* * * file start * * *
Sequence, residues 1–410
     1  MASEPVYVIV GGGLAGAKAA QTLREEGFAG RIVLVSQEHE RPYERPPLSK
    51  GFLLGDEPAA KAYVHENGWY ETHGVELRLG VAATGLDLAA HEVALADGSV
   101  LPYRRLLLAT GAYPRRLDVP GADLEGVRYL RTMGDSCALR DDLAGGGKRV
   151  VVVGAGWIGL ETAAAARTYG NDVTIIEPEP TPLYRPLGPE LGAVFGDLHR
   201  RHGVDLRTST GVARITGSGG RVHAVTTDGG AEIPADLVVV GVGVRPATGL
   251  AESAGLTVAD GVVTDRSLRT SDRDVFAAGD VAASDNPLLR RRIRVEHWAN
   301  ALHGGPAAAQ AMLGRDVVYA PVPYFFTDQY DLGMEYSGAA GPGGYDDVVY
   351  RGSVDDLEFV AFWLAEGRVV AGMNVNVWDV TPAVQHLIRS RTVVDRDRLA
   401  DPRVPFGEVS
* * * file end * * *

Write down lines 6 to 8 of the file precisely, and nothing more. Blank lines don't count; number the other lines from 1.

   201  RHGVDLRTST GVARITGSGG RVHAVTTDGG AEIPADLVVV GVGVRPATGL
   251  AESAGLTVAD GVVTDRSLRT SDRDVFAAGD VAASDNPLLR RRIRVEHWAN
   301  ALHGGPAAAQ AMLGRDVVYA PVPYFFTDQY DLGMEYSGAA GPGGYDDVVY